An “ice winter” is when the waterways freeze over. On my way back from a business trip in the middle of February,  the Roskilde fjord about an hour from Copenhagen was completely frozen solid and powdered with snow. (Forget any romantic notions of Norwegian fjords here: Denmark’s highest point is about 150 meters, and is nowhere near Roskilde.) The Øresund, the straight between the North Sea and the Baltic that separates Denmark and Sweden (and that was the source of Danish power and tax revenue in the old days), froze over as far out as you could see. The ice probably wasn’t very thick, as it came suddenly over a weekend in February, and disappeared just as quickly a few days later. But the straight did get slushy on several occasions over the winter. The canals and lakes in the center of Copenhagen froze over, and stayed frozen for much longer. The canals were covered in “porridge ice”, large slabs of ice that are jumbled together and not frozen solidly together. The lakes became giant skating rinks, once the authorities declared them safe.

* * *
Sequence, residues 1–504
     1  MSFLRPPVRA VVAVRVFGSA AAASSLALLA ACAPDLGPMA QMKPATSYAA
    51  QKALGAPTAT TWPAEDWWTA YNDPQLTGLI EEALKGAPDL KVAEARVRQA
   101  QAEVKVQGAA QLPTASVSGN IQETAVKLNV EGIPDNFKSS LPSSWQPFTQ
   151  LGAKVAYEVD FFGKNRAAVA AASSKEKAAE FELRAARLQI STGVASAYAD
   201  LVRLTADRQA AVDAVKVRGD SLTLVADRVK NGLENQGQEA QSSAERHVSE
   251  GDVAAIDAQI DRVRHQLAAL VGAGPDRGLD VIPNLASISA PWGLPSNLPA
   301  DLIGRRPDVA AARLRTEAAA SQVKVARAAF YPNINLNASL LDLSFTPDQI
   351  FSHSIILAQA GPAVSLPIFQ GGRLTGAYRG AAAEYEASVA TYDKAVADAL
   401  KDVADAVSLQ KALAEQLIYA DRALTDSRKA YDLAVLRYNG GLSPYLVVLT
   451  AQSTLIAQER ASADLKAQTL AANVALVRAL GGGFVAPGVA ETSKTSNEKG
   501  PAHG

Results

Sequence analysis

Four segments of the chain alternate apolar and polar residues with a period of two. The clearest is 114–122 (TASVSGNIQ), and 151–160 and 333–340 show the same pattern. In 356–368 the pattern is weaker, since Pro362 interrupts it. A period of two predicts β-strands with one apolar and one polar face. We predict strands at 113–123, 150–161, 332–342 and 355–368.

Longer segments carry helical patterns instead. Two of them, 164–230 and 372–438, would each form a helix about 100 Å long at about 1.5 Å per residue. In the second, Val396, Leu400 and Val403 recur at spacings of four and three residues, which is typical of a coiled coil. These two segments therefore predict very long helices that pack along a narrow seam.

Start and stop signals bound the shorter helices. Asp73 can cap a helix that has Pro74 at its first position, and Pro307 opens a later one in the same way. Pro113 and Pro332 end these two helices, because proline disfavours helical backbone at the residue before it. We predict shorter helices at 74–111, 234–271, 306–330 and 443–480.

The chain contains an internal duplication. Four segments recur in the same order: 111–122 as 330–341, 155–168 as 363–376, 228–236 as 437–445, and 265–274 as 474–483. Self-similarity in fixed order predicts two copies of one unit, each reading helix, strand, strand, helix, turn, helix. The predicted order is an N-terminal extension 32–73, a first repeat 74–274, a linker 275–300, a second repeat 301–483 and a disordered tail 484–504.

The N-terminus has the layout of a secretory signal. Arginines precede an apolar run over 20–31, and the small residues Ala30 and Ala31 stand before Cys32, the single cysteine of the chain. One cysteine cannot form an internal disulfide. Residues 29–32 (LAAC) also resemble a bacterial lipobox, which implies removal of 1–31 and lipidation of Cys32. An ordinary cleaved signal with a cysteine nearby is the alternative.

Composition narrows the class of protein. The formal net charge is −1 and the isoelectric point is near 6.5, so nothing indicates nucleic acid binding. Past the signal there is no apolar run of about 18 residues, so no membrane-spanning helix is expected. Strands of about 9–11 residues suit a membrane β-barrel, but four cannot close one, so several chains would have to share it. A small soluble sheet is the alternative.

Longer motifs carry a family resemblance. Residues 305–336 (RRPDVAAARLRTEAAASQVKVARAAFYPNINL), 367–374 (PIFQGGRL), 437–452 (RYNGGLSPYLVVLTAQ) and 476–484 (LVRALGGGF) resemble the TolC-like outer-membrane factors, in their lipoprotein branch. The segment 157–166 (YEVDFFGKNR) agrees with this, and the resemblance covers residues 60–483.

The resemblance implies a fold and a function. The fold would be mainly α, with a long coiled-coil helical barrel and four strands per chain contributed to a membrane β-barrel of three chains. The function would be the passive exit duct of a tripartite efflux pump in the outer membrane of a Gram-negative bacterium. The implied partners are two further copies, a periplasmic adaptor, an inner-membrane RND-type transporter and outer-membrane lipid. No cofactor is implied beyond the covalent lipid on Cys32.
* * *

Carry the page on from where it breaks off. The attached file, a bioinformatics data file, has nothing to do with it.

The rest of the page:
So, it was snowy and cold. At least it wasn’t raining and cold. Seattle, on the other hand, had one of the mildest and sunny winters in years.

This Christmas, Cate went Christmas tree shopping with her friend Johanna, who is Estonian, and her parents Martin & Kati. She brought home an enormous tree, with a 7-inch trunk. It of course didn’t fit our tree stand, and I had to go out to purchase another. Thankfully we have a large balcony, five feet wide and the length of our apartment. I propped it up in a large planter and lashed it to the railings. Cate made a foil-covered star for the top, and Rachelle found some bells with tinsel to hand on the boughs. It ended up looking quite hygge, particularly when it was covered in snow. Sammy would step around it as he found the deepest snow in which to pee—the girls having given up on taking him down to the street during the winter.